Ryot, 23, adds, “When she says ‘our family’, I’m excluded from that. I’m definitely the black sheep.” Ryot gave up a promising finance career to become a professional poker player and admits the decision didn’t go down well with his family.
“Yes it’s risky, but I’m a risk taker. I used to be a broker. I’ve been playing poker for four years as a hobby and then I started taking it really seriously. When I got more experience and more confidence, I quit my job because I can make more money playing online poker. In a single day, I play up to 300 tournaments.”
Liberty spends her days at her “dream job”, working in marketing for an airline. While she doesn’t share the same level of cunning as her brother, she does display a competitive side when it comes to one thing – breeding show dogs.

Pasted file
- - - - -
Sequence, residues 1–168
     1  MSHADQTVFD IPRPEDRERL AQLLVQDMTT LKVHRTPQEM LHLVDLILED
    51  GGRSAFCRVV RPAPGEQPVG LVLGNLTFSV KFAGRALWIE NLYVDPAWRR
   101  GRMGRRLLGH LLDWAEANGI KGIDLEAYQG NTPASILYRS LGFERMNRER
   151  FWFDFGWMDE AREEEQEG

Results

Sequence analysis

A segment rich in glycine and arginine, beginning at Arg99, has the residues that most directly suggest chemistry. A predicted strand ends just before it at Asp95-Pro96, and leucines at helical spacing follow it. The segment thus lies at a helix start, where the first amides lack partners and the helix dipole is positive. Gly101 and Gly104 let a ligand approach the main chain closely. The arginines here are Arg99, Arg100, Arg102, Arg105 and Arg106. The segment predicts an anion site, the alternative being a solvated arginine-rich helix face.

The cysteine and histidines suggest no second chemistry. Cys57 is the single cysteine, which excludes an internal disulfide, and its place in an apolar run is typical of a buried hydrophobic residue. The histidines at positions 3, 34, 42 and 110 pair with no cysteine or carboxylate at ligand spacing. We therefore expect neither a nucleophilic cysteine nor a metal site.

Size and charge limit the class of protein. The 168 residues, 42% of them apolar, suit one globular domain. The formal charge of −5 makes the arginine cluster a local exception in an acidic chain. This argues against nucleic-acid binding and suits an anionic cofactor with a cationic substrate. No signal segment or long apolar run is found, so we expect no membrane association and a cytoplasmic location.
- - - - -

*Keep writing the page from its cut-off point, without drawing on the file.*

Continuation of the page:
“I’m the fifth generation in my family to breed beagles, but I’m the only one of my siblings who has an interest in it. I have dogs in five countries - Australia, New Zealand, The Philippines, Germany and Denmark.”
“And yes that world is sometimes like what you see in Best In Show. Actually, that competitiveness has probably helped prepare me for the race.”
Ryot too believes he’s made of the right stuff to win the race. “I do better under stressful situations. In new situations, adrenaline kicks in and I can focus much better. But I’ll just have to try harder not to be so arrogant and stubborn.”
Liberty says her biggest obstacle on the race could be her inability to drive a manual car. “But ultimately this is a great opportunity for Ryot and I to have an incredible experience. I am looking forward to this being our time together, the special thing we’ll look back on later in life and say, ‘We did it!’.”